4. Enjoy new people

Being in new countries and around strangers all the time can be stressful and it will make you feel like you are on another planet. It can make you uncomfortable because you don’t know anyone. And, there might be barriers to communication, like when everyone around you speaks another language, that you do not know.

Here is where you must simply trust in people. Have faith that most people you meet will be pleasant to deal with. If you are in a country where Americans are treated well, you should be ok going anywhere. Your attitude is the most important thing when you meet new people. You may not be able to understand them, but there are ways to communicate that don’t require words. You will gain the most if you just show them respect as human beings. Learn how to enjoy being around new people and don’t be afraid to talk to them.

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    5. Live in the moment

    Most people are used to doing the same routine in their lives, day in and day out. We get used to our jobs, our friends, and our usual places that we go for fun. Traveling takes you away from all that. It throws you up on a beach like a fish out of water. But, this is a good thing. Why? Because it makes you feel more alive. You learn to trust your instincts in a new situation and allow yourself to just appreciate each moment for what it is. You take a deep breath by the sea, you walk barefoot on the beach, you see things you have never seen before and it wakes you up, as if the rest of your life was a dream. When you learn to be in the moment of right now, you are more aware of everything going on around you. You are more observant. You see and experience the newness of each day.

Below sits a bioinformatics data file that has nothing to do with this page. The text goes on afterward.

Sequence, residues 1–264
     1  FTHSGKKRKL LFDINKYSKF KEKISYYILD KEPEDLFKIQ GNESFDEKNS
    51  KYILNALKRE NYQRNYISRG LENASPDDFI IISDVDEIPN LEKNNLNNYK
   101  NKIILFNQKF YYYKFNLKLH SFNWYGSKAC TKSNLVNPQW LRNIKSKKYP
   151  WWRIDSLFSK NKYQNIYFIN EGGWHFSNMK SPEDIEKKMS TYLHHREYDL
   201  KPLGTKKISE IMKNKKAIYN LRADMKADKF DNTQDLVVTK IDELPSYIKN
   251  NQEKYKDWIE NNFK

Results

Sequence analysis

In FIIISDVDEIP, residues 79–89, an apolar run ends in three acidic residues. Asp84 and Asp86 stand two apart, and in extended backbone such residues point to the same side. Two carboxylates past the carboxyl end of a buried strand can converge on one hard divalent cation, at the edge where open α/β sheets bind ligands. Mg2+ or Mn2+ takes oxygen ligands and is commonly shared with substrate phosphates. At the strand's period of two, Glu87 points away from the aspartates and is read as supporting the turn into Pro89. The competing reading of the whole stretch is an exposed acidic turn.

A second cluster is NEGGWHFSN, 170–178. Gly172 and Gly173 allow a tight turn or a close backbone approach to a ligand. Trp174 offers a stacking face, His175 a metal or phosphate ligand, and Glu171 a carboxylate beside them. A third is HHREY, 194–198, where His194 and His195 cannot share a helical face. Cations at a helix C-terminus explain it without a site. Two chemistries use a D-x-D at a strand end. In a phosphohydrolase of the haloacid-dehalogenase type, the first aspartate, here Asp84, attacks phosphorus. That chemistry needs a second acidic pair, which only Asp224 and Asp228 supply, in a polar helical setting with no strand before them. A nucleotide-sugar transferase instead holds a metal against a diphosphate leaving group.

6. Respect other cultures

    When you travel outside of your world and go to another country, you will notice right away the cultural differences. People might dress differently. They may do everyday things that you don’t expect. They might communicate in a language you don’t know and their lives may appear to be so unfamiliar to you. Here you learn to respect who people are. You see them and acknowledge that they live in a world apart from you, and you learn to be non-judgemental about them. You see them and it changes you on the inside. It makes you think about the world on a bigger scale. It makes you more aware of some of the ways that other people struggle in their lives.

    7. There is beauty in everything

    Traveling is fun. You see beauty in the most unexpected places. You never know what you will see next. This is exciting, and it changes you, making you more observant of everything going on around you. Here is where you gain so many valuable memories. You want to enjoy your trip, so you naturally do all you can do to make it a good experience. You take photographs of all the things you want to remember. It becomes almost an obsession to capture as much as you can about the places you visit. This is one of the most enjoyable things about traveling. You may even find that the way food is prepared and presented can be beautiful as well.

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      8. Appreciate the life you have

      One of the biggest lessons I learned from traveling is simply to appreciate the simple things about the life I have. I appreciate all the things I used to take for granted before I traveled. I know now how fortunate I am.